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Figure 2: CT scan cross section: anterior mediastinal mass, upper quadrant, with irregular shape, heterogenous iodophilia; it has small areas of necrosis; axial dimension approx 49/29 mm and 50 mm craniocaudal; it is situated between the ascendant aorta and the trunk of the pulmonary artery and has lateral relation with the pulmonary parenchyma.

factors II, V, MTHFR, and PAI genes; all tests came back negative. A thoracic CT scan was performed which revealed an anterior mediastinal mass in the upper quadrant, of approx 49/29 mm dimensions, with irregular shape and heterogenous iodophilia; it had small areas of necrosis; it was situated between the ascendant aorta and the trunk of the pulmonary artery and had lateral relation with the pulmonary parenchyma. Multiple mediastinal adenopathies could be seen (Figure 2). The patient was scheduled for surgical intervention. Sternotomy was performed followed by tumorectomy of the anterior mediastinal mass and thymomectomy of the remaining thymus tissue. The thymic tumor mass was 7/5/3 cm in size and was encapsulated being well differentiated from the surrounding tissue. Histopathology showed an undifferentiated carcinoma probably of thymic origin (optical microscopy showed poorly differentiated carcinoma cells with frequent atypical mitosis in the thymic mass which was covered by a hyaline capsule; the immunohistochemistry showed a CD5 positivity along with negative TTF1, negative PSA, negative Ck7, negative CROMO, negative SYNAPTO, and positive CK34BetaE12, P63, and PSMA). The operation was uneventful and the patient remained under observation for almost two weeks. When he returned a month later for a follow-up, he was symptom-free and was feeling like a new man. The dyspnea and abdominal pain were gone and he was no longer feeling fatigued. An abdominal ultrasound revealed partial regression of the inferior vena cava thrombosis. The patient remained on oral anticoagulants and was followed up every 3 months. After one year, a control CT scan showed complete regression of the inferior vena cava and renal vein thrombosis (Figure 3). He was symptom-free and there was no need to continue taking acenocumarol.

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3 had completely disappeared and the patient remained on oral anticoagulants. He was followed up every 3 months and was scheduled for a CT scan after one year. When the followup CT scan was performed it showed complete regression of the inferior vena cava and renal vein thrombosis. Being symptom-free and with no sign of thrombosis, the patient was taken of oral anticoagulants.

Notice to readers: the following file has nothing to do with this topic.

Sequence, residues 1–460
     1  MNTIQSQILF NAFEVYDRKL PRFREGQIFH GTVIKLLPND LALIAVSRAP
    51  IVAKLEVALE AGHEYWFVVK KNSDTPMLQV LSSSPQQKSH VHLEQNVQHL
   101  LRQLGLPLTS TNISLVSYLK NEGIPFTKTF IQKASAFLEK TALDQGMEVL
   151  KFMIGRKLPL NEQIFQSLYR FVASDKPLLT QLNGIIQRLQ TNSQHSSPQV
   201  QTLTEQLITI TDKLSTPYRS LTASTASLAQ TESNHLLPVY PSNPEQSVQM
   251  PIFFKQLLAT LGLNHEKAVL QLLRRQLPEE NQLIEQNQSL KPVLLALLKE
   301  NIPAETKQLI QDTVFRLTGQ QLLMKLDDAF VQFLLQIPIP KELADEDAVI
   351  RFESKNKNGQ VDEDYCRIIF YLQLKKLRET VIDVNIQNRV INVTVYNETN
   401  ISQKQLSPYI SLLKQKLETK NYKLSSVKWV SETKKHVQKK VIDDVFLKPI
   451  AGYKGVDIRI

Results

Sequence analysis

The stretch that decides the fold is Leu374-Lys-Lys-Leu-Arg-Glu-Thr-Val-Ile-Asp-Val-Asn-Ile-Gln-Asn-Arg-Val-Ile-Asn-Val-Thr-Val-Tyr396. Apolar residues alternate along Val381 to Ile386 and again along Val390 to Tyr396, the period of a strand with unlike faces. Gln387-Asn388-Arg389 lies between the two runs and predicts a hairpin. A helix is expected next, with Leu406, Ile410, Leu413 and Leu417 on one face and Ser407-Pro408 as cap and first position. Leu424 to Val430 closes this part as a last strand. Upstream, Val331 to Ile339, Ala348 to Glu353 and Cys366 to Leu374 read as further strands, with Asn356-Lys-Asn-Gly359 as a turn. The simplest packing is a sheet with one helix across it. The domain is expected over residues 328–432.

4. Conclusion

Figure 3: CT scan cross section: complete repermeabilisation of the inferior vena cava and of the renal veins.

3. Discussion Thymic tumors are rare mediastinal tumors and, most often, they are discovered by using imaging techniques (CT) because of nonspecific symptoms. However, in our case, thrombosis of the inferior vena cava and of both renal veins as the first manifestation of such tumors has never been described in the literature. The nonspecific symptoms of the patient (asthenia, dry cough, and pain in the upper abdomen) were what determined us to closely investigate the patient and perform an echography and, afterwards, a CT scan. But to our surprise, the cause of his symptomatology was neither abdominal nor pulmonary but mediastinal. The thymic carcinoma manifested itself as a paraneoplastic syndrome which induced a hypercoagulability state that led to the thrombosis of the inferior vena cava and renal veins. The modifications in the patient’s blood can be attributed to the thrombosis which affected the connected organs (causing proteinuria, increased amylase), except for the anemia and the thrombopenia which might have been another paraneoplastic manifestation. The patient’s hereditary thrombophilia (the protein S deficiency) also played an important part and was probably the reason why the first paraneoplastic manifestation presented as a thrombosis of major veins. The initial therapeutic attitude after the diagnosis of inferior vena cava and renal vein thrombosis was the correct one. Firstly, heparin anticoagulation was initiated and was maintained until oral anticoagulants could be administered and had taken effect. This prevented the thrombosis from advancing and even managed to slightly regress in its spread. The thoracic surgeon performed ideal tumorectomy and according to the Masaoka-Koga staging system (1994), the thymic tumor was of stage I (grossly and microscopically completely encapsulated tumor) [11]. For this reason, no adjuvant chemotherapy or radiotherapy was necessary [12– 14]. One month after the excision of the tumor, the thrombosis of the inferior vena cava and of the renal veins had decreased (on Doppler echography). The symptomatology

Thrombosis of the inferior vena cava and renal veins is a rare manifestation that can be caused by a handful of diseases. The list is short, with the most frequent being renal cancer. In our case, it was a manifestation of a paraneoplastic syndrome caused by thymic carcinoma. Although rare, thymic carcinomas can cause distant manifestations and are discovered when nonspecific symptoms start to emerge. In our case, the inferior vena cava and renal vein thrombosis without any local or apparent cause was what determined us to search further and investigate distant sites and rarer causes for this manifestation.

Competing Interests The authors declare that there is no conflict of interests regarding the publication of this paper.

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Inferior Vena Cava and Renal Vein Thrombosis Associated with Thymic Carcinoma.

Thymic tumors are rare mediastinal tumors that can present with a wide variety of symptoms. They can cause distant manifestations and are frequently a...